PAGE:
Mutations in genes encoding proteins critical for the production and function of pulmonary surfactant cause diffuse lung disease. Timely recognition and diagnosis of affected individuals is important for proper counseling concerning prognosis and recurrence risk.
Involved genes include those encoding for surfactant proteins A, B, and C, member A3 of the ATP-binding cassette family, and for thyroid transcription factor 1. Clinical presentations overlap and range from severe and rapidly fatal neonatal lung disease to development of pulmonary fibrosis well into adult life. The inheritance patterns, course, and prognosis differ depending upon the gene involved, and in some cases the specific mutation. Treatment options are currently limited, with lung transplantation an option for patients with end-stage pulmonary fibrosis. Additional genetic disorders with overlapping pulmonary phenotypes are being identified through newer methods, although these disorders often involve other organ systems.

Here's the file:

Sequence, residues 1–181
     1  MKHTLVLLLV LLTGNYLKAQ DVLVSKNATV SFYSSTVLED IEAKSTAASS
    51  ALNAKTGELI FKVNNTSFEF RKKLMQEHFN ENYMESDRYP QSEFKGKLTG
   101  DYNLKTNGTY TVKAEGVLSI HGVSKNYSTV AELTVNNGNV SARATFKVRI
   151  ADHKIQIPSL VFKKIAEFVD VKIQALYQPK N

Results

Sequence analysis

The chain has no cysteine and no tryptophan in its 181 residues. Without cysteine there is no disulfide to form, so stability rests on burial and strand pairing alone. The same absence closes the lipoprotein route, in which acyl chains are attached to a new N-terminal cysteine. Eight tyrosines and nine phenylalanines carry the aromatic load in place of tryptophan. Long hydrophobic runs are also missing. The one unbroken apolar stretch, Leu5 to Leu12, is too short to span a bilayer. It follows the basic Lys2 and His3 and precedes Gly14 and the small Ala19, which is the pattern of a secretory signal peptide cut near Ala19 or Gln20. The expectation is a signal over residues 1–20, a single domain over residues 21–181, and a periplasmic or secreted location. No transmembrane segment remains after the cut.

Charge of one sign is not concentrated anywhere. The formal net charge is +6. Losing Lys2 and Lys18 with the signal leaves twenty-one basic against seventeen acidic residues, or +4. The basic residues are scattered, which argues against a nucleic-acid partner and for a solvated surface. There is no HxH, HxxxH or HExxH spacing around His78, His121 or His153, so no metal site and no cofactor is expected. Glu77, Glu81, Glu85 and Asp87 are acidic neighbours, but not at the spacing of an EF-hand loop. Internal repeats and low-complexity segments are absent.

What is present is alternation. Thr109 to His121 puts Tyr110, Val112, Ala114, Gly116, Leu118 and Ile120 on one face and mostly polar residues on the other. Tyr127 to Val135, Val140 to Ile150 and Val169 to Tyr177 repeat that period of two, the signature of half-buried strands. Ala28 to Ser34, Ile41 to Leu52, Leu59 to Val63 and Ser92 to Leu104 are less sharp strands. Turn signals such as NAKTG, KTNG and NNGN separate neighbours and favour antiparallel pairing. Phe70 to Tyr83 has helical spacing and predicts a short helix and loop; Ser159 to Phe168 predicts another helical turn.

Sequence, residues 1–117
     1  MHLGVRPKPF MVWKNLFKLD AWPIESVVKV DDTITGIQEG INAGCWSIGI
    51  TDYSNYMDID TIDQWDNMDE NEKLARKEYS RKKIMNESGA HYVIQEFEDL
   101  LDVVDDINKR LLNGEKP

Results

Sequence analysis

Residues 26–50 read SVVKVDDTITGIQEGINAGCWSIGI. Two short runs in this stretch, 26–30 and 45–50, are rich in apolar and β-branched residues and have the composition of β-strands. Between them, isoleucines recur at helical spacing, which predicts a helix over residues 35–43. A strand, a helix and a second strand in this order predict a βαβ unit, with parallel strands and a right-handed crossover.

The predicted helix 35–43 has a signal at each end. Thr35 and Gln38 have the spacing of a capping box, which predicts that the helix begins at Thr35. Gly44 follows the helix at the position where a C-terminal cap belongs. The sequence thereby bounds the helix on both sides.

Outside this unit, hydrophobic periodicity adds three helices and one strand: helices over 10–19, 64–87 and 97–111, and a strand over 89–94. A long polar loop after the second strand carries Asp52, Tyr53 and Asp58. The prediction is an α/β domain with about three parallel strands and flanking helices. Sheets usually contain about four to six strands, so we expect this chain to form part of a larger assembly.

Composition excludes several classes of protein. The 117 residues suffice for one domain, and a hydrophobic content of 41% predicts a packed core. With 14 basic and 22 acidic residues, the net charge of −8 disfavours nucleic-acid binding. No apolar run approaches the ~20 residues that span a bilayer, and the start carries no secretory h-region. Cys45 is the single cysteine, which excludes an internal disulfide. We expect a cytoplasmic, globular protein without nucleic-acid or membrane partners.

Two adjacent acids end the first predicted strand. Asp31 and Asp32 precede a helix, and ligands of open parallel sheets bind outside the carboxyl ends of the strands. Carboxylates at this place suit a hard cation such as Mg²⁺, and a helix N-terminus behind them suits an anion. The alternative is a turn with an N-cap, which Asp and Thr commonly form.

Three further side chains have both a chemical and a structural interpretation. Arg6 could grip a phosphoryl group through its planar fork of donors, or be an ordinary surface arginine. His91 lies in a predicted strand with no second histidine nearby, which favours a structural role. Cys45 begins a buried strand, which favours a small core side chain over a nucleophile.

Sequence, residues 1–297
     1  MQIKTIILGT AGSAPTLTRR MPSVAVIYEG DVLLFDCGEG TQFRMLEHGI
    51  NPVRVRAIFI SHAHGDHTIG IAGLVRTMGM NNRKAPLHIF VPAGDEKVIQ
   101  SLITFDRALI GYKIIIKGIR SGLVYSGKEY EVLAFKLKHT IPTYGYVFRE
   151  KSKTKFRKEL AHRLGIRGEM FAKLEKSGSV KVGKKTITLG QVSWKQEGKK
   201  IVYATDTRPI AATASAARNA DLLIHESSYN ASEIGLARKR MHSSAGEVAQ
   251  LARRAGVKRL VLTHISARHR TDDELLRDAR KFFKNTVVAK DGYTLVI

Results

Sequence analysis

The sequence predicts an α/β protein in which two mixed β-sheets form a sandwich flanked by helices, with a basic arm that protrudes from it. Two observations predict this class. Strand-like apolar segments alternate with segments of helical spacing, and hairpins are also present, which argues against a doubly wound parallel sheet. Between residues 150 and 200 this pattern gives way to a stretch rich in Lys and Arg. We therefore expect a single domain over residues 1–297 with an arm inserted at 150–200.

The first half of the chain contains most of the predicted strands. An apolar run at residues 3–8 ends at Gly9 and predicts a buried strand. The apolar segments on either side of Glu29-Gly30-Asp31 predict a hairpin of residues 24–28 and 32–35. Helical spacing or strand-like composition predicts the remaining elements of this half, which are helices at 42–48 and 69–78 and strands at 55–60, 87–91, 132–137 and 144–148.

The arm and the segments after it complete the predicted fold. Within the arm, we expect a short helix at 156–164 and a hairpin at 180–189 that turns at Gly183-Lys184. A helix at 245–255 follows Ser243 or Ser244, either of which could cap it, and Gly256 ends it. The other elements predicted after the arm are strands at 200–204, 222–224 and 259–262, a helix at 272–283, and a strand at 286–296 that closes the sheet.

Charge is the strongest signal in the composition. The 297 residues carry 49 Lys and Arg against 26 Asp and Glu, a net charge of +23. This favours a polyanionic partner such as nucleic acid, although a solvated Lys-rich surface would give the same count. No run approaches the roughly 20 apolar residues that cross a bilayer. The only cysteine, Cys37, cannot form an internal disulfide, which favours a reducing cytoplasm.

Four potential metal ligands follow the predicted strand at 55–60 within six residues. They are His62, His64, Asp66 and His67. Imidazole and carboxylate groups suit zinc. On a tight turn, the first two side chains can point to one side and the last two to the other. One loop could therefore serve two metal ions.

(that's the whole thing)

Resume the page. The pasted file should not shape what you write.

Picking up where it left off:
Genetic disorders of surfactant production are rare but associated with significant morbidity and mortality. Diagnosis can be made invasively through clinically available genetic testing. Improved treatment options are needed and better understanding of the molecular pathophysiology may provide insights into treatments for other lung disorders causing fibrosis.
Eudowood Neonatal Pulmonary Division, Department of Pediatrics, Johns Hopkins University School of Medicine, Baltimore, Maryland, USA
Correspondence to Lawrence M. Nogee, Professor of Pediatrics, Eudowood Neonatal Pulmonary Division, Department of Pediatrics, Johns Hopkins University School of Medicine, CMSC 6-104, 600 N. Wolfe St., Baltimore, MD 21287, USA. Tel: +1 410 614 3355; fax: +1 410 614 8388; e-mail: firstname.lastname@example.org